Police are willing to use a broader number of methods to determine truth than are psychologists
Determining "Truth"
Within the courtroom, for some attorney, truth may be irrelevant.
For more judges and trial attorneys, the assumption is that the adversary system will produce truths or at least fairness.
"A fair trial is one in which the evidence [is] subject to adversarial testing." (Strickland v. Washington, 1984)
The nature of the adversary system leads some trial attorneys to value conflict resolution over the elusive quest for truth.
Trials are not conducted to find out what happened- the police, the prosecutor, and the defense attorney all probably know what happened- but as a game to persuade the community that proof is strong enough to justify punishment.
"The law assumes that truth emerges from the clash of adversaries in the courtroom. The law assumes that: Uneven skills of counsel do not exist; bias doesn't influence the decision-maker; evidence can be clearly presented... Right and morality are irrelevant. Personal convictions are irrelevant. Only 'truth' produced through trial is relevant. 'Truth' for the law is a legal construct which relates to facts as they emerge at trial. 'Truth' does not necessarily coincide with reality." (quoted by psychotherapist Martha Deed, 1991 as stated by Paul Birzon president of NY State Academy of Matrimonial Lawyers)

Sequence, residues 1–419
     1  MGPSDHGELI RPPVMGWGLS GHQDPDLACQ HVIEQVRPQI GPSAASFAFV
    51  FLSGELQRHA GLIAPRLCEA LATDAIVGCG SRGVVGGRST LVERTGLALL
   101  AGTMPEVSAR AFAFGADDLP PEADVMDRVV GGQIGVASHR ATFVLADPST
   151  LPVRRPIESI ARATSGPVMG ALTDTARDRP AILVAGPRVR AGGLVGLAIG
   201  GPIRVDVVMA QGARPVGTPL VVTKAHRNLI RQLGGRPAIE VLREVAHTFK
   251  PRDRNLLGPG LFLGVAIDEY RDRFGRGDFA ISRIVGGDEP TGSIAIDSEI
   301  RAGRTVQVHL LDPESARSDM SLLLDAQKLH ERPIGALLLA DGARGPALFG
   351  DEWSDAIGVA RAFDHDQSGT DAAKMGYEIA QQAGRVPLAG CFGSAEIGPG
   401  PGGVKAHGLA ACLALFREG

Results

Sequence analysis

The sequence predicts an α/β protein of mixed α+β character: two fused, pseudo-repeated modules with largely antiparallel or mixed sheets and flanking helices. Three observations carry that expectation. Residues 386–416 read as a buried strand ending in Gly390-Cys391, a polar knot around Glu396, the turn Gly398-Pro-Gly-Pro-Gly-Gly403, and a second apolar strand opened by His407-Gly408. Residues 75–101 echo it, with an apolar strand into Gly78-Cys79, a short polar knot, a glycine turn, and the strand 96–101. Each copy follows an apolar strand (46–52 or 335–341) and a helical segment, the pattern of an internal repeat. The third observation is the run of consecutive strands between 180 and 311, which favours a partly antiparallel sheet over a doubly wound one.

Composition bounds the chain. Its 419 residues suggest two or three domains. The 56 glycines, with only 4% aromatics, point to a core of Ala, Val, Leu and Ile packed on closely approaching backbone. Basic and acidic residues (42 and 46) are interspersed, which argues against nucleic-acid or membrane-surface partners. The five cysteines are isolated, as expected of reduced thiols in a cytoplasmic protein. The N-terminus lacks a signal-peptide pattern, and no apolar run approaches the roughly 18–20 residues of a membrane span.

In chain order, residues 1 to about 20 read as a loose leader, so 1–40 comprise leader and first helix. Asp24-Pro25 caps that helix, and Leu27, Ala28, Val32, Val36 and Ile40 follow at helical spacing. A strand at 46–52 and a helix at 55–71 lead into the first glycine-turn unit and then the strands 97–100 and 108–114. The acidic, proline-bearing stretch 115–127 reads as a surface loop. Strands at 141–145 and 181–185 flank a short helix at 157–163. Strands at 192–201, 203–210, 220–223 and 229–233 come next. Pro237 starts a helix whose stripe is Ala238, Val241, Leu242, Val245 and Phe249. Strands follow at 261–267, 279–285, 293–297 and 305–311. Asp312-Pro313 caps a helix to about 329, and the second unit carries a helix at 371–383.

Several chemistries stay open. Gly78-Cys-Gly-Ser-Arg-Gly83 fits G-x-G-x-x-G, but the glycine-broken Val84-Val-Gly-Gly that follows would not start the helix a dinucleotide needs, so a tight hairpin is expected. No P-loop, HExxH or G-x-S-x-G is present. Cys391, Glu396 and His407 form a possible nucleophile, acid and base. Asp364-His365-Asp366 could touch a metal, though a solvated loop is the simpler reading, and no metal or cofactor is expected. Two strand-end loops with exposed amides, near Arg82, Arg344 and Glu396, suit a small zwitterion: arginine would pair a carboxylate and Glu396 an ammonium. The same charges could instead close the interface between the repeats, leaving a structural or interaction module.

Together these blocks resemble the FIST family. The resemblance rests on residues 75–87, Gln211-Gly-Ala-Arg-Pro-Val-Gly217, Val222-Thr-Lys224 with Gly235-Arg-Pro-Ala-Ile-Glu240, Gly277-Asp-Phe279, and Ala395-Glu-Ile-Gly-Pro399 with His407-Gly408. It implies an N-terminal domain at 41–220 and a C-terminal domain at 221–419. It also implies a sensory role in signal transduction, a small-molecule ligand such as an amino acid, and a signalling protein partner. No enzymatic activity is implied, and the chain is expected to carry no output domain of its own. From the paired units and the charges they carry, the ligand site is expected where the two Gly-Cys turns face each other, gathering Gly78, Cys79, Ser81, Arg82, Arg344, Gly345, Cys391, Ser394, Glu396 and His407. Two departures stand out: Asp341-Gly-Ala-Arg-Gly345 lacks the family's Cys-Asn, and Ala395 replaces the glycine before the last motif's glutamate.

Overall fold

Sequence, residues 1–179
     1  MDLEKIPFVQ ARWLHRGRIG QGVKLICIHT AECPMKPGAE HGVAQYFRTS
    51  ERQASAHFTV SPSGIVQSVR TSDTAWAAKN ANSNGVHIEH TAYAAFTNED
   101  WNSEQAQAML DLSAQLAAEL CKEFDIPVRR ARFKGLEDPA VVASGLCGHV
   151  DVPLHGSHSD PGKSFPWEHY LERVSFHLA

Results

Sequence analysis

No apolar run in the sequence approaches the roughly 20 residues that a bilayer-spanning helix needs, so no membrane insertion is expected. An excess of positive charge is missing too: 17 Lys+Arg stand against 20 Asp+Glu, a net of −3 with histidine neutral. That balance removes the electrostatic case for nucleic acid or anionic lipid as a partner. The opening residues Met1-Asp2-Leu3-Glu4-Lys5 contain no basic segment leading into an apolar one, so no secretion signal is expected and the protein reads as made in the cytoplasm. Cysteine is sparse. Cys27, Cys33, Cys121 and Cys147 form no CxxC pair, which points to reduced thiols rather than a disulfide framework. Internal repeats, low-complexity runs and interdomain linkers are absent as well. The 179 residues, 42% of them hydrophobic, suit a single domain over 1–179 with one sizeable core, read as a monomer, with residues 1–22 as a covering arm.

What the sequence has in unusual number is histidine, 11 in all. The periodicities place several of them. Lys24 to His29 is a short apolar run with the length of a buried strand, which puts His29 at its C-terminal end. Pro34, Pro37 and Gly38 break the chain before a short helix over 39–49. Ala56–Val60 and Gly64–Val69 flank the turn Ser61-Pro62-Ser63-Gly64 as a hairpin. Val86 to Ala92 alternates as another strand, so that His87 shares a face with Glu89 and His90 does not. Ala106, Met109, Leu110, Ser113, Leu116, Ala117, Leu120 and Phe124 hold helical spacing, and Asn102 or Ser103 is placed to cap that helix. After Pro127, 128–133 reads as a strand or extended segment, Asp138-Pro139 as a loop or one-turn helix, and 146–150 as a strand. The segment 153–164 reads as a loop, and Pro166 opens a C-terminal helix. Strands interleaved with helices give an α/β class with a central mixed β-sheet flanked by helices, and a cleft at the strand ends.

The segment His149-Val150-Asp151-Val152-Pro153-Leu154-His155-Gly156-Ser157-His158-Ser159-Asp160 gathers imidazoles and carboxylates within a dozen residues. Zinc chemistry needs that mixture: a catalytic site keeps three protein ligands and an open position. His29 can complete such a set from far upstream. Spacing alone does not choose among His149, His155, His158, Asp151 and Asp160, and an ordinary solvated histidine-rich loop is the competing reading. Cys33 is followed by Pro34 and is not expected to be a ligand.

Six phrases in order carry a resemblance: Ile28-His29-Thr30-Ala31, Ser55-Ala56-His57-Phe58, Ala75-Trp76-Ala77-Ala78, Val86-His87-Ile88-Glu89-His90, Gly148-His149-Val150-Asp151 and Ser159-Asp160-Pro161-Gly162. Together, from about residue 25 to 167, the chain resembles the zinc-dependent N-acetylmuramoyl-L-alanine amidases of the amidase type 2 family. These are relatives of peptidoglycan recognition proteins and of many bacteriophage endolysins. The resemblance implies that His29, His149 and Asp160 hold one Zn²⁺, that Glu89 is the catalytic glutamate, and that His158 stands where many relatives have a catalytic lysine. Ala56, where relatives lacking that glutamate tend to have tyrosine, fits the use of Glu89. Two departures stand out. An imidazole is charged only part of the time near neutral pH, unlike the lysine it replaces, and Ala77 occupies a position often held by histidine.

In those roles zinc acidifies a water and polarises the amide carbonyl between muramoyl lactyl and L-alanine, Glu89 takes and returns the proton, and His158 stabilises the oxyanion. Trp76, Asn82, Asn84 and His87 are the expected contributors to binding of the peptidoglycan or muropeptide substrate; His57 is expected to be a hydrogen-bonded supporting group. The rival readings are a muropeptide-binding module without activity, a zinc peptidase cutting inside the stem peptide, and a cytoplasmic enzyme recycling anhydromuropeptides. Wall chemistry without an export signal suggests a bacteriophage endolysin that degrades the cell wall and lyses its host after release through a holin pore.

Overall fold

The nature of reality
The psychological field assumes that the world is composed of separable variables that act independently of, or interactive with, other variables. It is also more tolerant of ambiguity than is the legal field.
Much of psychology is "probabilistic" for several reasons
Psychology assumes that people think in terms of probabilities and likelihoods
The courts, lawyers, and people in general may well think in yes-or-no, right-or-wrong categories.
The nature of reality
The lay public tends to misunderstand probabilities an their difficulties in applying probabilistic reasoning.
Ex: the "gambler's fallacy" and ignorance of regression-to-the-mean effects and failure to pay attention to base rates.
In our legal system, proof is based "on showing direct cause and effect: that is action A caused (or at least contributed to) result B"
Psychologists are more concerned with the probability that A is related to B
aka litigation consultant, or jury consultant
Some trial consultants have doctoral degrees, some have master's degrees, and some have bachelor's degrees.
Not a single state licenses or certifies trial consultants, so anyone with any level of training can hang up a shingle and proclaim themselves a "trial consultant."
A firm of trial consultants (might be a single consultant with a small support staff) is hired by a law firm to assist in identifying the major issues in a case, determine if there has been excessive pretrial publicity in the case, prepare witnesses for trial, and advise in jury selection.